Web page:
Listening to Your Customers

Listening to your customersTaking the time to listen to customers is often overlooked in many organisations. Plenty of people will tell you that they respond to tweets, online reviews and emails from customers but in addition to this reactive activity, SRF would recommend organising some more in-depth, proactive sessions with customers. Information gathered directly from your customers can reveal where your business does well and where it fails, hopefully giving the opportunity to use this constructive criticism to improve performance.

User Groups

SRF has helped several clients with the creation and organisation of user groups. From software companies which have highly structured user groups with monthly meetings, newsletters and annual conferences through to more informal passenger panels for our transport clients, the aim remains the same; collect vital feedback.

With SRF’s client Hovertravel’s Users Group and its friendly abbreviation (HUG), the company invites a small group of regular travellers to meet with some of the senior management on a quarterly basis. Using a strict timeframe and rigid agenda, HUG attendees give up their valuable time to provide invaluable feedback on the Hovertravel operation. Several initiatives have been trialled and adopted following discussions at these meetings.

Familiarisation Trips

In addition to regular meetings, ad hoc events can also be used to listen to customers. Your Service Centre at Gatwick Airport is keen to promote accessibility for all at the airport. Working closely with a special interest group called Silver Travellers, YSC has organised several trips to the airport for these influencers.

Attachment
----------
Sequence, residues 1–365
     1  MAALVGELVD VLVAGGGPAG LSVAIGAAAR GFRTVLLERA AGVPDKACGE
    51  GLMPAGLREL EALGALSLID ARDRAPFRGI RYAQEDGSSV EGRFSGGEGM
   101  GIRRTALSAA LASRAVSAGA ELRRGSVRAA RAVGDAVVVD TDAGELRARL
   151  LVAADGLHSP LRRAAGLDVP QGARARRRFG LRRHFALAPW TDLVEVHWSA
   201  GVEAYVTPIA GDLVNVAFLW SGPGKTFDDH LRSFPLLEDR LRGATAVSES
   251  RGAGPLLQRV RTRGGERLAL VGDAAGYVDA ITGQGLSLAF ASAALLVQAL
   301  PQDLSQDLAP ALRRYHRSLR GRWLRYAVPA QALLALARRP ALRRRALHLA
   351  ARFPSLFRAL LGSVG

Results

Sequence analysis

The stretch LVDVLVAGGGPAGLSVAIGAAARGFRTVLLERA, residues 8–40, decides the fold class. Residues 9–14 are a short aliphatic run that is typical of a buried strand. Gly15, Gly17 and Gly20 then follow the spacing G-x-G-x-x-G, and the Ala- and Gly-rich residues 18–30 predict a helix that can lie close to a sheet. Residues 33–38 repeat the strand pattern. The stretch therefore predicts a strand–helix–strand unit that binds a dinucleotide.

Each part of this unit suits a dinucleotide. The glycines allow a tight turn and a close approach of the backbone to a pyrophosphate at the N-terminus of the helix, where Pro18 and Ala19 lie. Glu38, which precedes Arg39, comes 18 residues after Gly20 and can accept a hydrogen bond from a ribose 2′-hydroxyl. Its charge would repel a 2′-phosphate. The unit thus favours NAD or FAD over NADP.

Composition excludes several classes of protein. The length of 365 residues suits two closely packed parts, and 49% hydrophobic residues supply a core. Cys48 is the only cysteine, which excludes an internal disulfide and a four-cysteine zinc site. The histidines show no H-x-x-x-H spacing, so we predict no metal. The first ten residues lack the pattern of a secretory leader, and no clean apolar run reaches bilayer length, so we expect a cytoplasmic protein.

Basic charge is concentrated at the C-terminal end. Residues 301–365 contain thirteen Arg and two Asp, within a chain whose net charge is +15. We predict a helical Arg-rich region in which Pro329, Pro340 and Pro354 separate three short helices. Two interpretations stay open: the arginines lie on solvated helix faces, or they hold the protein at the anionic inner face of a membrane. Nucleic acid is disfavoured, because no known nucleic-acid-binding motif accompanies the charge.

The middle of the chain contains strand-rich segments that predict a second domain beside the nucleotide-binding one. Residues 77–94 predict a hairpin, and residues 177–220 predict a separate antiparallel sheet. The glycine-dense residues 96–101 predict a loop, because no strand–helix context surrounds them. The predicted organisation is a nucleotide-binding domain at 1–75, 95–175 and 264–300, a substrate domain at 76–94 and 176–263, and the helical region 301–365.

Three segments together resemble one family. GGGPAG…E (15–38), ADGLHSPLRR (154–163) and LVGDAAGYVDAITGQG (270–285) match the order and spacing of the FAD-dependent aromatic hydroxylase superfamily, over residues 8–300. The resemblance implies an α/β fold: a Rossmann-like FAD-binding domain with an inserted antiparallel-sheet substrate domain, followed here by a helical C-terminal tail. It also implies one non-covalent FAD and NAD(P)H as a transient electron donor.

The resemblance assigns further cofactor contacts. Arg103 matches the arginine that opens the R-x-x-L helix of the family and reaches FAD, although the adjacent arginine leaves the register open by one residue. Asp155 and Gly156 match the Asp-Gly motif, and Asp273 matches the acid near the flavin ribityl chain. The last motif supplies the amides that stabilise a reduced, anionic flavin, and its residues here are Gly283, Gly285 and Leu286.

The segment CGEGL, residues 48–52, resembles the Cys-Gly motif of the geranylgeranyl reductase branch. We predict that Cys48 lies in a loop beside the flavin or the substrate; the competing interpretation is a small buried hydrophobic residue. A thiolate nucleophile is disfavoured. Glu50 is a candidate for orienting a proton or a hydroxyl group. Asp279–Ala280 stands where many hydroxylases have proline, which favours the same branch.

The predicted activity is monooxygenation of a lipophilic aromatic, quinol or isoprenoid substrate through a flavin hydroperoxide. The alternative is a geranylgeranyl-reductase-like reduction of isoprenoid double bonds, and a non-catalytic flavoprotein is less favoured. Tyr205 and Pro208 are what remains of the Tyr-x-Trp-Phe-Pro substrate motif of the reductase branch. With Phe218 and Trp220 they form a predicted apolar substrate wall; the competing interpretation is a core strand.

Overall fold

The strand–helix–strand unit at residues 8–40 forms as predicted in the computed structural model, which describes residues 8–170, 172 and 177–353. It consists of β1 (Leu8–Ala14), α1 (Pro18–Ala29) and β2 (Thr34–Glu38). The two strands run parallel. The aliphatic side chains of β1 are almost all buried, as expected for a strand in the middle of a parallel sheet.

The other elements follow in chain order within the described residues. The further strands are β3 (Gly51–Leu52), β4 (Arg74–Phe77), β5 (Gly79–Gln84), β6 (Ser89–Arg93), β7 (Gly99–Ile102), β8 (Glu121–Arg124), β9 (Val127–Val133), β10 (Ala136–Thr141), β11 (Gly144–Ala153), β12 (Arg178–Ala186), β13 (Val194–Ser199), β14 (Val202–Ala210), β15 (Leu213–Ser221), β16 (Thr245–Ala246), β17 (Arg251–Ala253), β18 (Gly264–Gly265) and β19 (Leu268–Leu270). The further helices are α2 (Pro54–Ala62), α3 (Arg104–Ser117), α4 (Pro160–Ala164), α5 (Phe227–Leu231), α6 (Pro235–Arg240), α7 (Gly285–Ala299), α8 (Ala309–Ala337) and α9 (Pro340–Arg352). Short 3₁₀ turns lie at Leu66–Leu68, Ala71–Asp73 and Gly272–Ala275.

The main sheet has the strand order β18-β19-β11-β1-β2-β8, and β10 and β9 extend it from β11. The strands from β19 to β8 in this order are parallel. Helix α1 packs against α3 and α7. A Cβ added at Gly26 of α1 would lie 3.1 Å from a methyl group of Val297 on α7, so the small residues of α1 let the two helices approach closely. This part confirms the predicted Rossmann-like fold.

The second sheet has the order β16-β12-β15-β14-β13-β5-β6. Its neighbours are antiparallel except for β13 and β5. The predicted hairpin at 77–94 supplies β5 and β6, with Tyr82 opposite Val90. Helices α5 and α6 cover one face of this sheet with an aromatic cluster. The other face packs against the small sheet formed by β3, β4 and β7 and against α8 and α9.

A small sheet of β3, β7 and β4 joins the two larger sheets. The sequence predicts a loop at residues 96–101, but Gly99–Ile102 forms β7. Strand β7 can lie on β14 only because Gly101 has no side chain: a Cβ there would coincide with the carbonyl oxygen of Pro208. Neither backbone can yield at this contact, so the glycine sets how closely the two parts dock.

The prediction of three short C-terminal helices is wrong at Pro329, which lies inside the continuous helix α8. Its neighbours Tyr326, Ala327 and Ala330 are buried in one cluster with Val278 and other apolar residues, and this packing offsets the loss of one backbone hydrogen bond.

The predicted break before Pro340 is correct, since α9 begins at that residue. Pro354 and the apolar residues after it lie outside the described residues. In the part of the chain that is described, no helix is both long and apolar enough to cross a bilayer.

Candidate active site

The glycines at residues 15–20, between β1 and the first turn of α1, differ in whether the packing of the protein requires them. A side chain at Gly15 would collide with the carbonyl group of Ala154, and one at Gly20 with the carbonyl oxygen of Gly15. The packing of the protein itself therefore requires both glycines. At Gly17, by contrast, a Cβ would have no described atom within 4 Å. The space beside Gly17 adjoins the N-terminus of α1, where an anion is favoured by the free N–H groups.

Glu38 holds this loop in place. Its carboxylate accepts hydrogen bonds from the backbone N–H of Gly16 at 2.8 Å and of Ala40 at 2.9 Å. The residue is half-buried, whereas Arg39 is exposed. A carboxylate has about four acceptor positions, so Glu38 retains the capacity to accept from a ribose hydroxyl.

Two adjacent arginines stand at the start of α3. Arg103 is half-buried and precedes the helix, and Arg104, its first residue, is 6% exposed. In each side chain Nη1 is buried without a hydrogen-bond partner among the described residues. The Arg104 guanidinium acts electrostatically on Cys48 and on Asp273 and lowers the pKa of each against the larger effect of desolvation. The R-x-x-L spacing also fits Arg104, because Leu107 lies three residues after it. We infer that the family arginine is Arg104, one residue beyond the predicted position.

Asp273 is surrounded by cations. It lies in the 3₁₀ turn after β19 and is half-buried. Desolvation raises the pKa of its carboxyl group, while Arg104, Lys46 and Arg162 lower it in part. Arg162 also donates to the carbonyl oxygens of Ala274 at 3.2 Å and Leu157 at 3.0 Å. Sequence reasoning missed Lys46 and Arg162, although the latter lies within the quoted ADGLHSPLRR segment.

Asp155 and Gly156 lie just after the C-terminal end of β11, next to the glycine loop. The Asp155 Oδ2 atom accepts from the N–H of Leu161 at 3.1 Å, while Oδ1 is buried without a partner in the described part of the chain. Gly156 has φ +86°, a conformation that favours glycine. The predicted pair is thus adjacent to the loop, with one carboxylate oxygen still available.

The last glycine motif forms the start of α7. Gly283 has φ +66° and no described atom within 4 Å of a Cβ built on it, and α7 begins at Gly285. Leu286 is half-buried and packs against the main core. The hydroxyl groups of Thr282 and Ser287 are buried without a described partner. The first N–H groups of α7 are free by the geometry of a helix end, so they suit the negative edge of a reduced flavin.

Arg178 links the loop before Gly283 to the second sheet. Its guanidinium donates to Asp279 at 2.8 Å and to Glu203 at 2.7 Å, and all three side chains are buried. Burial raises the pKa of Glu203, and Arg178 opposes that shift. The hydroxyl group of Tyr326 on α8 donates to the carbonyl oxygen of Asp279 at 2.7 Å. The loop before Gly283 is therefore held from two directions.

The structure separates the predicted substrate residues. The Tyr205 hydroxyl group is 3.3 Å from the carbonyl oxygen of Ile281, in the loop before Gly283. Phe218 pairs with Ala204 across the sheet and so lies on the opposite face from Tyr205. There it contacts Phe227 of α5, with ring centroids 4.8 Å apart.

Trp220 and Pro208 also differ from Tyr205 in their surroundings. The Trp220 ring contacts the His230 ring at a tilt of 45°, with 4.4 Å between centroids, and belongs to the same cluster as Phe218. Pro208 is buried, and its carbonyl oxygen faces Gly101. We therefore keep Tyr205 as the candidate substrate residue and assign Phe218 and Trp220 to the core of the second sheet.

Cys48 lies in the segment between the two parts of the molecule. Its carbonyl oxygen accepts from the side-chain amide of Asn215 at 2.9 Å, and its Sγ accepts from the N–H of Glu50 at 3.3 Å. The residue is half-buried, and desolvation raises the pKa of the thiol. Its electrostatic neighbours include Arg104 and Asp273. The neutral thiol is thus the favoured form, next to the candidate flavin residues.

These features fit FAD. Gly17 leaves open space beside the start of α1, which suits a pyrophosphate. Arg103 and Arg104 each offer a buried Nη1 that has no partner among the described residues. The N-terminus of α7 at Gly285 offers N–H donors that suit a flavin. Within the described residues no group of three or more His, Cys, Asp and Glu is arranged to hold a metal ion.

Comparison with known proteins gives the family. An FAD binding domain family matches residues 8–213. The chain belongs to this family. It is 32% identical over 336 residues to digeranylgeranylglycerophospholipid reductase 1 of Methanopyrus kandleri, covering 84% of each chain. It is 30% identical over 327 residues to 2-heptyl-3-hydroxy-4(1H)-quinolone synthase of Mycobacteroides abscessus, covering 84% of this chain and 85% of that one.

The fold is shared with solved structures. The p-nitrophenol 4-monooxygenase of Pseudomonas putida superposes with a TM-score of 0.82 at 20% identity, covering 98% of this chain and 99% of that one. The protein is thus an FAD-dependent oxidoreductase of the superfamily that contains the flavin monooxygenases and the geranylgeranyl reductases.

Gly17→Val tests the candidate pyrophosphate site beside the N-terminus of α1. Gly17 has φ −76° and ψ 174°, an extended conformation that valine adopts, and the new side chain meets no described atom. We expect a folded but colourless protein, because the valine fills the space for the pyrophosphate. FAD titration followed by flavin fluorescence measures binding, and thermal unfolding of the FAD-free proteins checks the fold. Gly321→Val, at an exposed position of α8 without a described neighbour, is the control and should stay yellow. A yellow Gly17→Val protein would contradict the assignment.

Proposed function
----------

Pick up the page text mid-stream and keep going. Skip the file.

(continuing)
Your Service Centre Gatwick Airport

Using a guided tour through Gatwick Airport and its huge array of facilities allowed the Silver Traveller customers to ask questions about the relevance and availability of the amenities. Their feedback from a customer’s perspective repeatedly revealed interesting insights about how their demographic viewed the airport experience.

Promoting Their Experience

Sharing the knowledge and lessons learnt from this type of activity can widen the reach, too. Customers will, naturally, talk to other customers. HUG meeting minutes are published on Hovertravel’s website and Your Service Centre has produced a Silver Traveller’s Guide to the Airport.

Reporting Back to Customers

Customers’ time is valuable so appropriate thanks and acknowledgement is essential to keep your sources of feedback engaged. Such recognition can also motivate other customers to join in and encourages a stronger dialogue. If feedback is subsequently used to enhance or modify your organisation’s approach, then make sure your customers know their views will affect meaningful change.